Drought Stricken Soybeans..Should I Leave Them or Take Them for Forage?

Shawn Conley, State Soybean and Wheat Specialist University of Wisconsin, Madison

To read this article from its original blog, click here.

Late soybean plantings followed by dry conditions have some northern WI growers considering chopping their soybean as a forage. Before you even consider this option make sure you check the label of the pesticides applied to the crop before you grease the chopper.

  • Let’s start with the herbicides first. In short, outside of glyphosate (25 day) and a handful of pre’s and posts (please refer to Table 3-3 in A3646, Pest Management is WI Field Crops) most soybean herbicides are listed as “not permitted” for forage use.
  • Next, many common insecticides used for soybean aphid management implicitly state “Do NOT graze or feed treated forage or straw to livestock” (please refer to A3646, Pest Management is WI Field Crops) .
  • Lastly, fungicide labels are as equally exclusive with pre-harvest intervals ranging from 14 days to “Do NOT graze or feed soybean forage or hay” (please refer to A3646, Pest Management is WI Field Crops) .

If you somehow pass the gauntlet of “Do not” or “Not Permitted” and the forage value is greater than the grain value then the highest protein and yields are obtained from soybean harvested at the R6 to R7 growth stage. Harvesting soybeans for forage between the R1 and R5 stage will result in a very high quality silage, but dry matter yields will be reduced significantly. Forage quality will be reduced from R5 soybean forward if a conditioning process is used during harvest as conditioning will cause significant seed shattering.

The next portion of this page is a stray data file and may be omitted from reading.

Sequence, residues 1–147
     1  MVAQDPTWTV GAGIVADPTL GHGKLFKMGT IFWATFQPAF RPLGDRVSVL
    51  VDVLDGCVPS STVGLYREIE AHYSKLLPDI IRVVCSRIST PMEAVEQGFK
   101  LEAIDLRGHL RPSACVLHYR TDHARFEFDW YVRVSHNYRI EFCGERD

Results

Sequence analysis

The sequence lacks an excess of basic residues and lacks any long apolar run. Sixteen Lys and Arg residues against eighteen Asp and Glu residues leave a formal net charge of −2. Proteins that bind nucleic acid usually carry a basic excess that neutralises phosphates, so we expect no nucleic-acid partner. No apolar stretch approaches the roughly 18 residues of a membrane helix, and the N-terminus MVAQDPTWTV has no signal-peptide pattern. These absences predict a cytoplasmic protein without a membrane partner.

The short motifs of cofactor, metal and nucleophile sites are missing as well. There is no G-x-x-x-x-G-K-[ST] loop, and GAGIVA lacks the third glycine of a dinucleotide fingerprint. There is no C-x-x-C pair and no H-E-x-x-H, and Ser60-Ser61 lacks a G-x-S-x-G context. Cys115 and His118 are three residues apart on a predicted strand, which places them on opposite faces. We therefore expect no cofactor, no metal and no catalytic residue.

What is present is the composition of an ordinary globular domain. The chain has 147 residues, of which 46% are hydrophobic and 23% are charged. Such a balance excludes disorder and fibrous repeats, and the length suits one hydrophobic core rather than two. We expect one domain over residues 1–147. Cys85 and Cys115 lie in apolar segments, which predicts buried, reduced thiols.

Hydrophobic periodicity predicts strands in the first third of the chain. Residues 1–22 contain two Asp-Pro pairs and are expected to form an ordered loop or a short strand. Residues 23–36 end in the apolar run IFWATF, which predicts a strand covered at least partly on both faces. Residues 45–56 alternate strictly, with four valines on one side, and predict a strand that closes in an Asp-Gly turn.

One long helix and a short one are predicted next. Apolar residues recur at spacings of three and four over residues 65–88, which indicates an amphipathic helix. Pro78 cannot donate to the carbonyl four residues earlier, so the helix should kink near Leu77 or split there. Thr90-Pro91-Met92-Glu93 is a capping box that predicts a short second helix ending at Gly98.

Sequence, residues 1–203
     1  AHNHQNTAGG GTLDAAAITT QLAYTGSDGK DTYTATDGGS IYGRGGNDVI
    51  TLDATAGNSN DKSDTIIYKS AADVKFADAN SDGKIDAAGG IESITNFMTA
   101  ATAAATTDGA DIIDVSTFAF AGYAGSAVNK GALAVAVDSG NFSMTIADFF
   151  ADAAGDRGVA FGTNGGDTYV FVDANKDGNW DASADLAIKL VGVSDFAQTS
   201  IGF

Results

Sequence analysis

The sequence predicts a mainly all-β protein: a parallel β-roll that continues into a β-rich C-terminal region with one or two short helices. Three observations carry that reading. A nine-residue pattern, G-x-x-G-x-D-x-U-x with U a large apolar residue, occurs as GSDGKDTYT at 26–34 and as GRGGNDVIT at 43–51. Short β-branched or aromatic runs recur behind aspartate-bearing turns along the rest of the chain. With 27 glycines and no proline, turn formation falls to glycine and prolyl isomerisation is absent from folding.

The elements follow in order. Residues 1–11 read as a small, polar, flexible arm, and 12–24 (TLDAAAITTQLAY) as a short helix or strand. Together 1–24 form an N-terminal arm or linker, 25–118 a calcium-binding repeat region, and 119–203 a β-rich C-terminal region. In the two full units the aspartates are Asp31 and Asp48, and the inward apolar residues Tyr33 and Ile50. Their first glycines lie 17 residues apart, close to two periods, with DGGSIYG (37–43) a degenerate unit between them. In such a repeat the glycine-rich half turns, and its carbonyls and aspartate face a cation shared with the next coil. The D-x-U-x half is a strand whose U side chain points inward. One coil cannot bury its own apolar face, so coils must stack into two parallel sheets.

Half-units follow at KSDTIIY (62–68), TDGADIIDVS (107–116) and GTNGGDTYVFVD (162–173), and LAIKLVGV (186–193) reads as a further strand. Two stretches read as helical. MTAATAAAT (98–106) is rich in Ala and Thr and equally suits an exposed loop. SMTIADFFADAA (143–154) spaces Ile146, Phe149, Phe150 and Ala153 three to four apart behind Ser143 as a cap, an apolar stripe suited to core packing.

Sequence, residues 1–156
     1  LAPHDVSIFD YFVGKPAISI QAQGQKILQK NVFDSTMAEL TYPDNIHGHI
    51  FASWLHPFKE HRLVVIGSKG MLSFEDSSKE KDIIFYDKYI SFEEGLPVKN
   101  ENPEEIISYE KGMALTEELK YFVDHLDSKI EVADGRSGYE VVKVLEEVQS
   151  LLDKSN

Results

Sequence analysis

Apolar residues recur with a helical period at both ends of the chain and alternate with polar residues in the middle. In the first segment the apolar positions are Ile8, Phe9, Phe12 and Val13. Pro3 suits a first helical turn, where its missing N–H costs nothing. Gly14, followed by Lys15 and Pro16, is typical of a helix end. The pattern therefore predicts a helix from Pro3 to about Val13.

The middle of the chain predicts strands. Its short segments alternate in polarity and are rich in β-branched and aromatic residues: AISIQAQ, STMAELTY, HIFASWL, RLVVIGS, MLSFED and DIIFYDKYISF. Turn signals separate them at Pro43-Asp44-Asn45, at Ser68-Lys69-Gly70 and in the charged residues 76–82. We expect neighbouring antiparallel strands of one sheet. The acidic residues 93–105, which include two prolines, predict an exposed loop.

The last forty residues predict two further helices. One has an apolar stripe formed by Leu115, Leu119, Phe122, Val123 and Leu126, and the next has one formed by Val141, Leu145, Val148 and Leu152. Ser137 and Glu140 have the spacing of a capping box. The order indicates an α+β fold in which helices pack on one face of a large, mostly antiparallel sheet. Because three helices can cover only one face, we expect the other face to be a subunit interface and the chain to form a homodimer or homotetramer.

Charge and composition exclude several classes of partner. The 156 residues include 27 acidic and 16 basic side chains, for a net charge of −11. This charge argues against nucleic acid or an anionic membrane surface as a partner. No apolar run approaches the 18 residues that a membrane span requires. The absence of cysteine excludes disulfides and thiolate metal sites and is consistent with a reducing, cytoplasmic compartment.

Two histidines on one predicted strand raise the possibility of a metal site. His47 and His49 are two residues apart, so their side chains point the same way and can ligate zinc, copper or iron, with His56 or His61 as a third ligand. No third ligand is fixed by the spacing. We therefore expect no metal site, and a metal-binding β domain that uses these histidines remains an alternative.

Here are some options for you to consider to help think through the forage versus grain decision.

Option # 1: Soybean haylage considerations

  • What is my realistic tonnage expectations?
    • Late planted drought stricken soybean will yield ~1 to 2 tons of dry matter per acre.
  • What is it going to cost me to harvest and put this crop up?
      • Mowing ($14.20 per acre)
      • Swathing ($7.75 per acre)
      • Haylage (Chopping, hauling, & packing bunker; $49.20 per acre)
  • How should I price this crop?
    • If you were to price the soybean forage based on expected grain yield and CBOT then realistic yield levels would range from 15 – 25 bu per acre at $7.95 per bu (local cash price: 8/22/18). Expected forage value range would be $119.25 to $198.75 per acre.

Option #2: Green manure considerations

  • I am tired of throwing money at this crop……….
    • Though you will save on harvest costs the average cost of a plow down disk operation is $19.70 per acre.
  • How much will I save on next years fertilizer bill?
    • By not harvesting the crop you will not remove the 30# P and 85# K (estimated removal rates of P2O5 and K2O for 15-25 bu per acre soybean grain and straw (A2809)).
    • You may contribute 20-40 pounds of N to next years corn or wheat crop.

Neither of these prove to be particularly attractive options. However I would encourage growers, crop consultants, and nutritionists to weigh the true economical value of each option carefully before proceeding.

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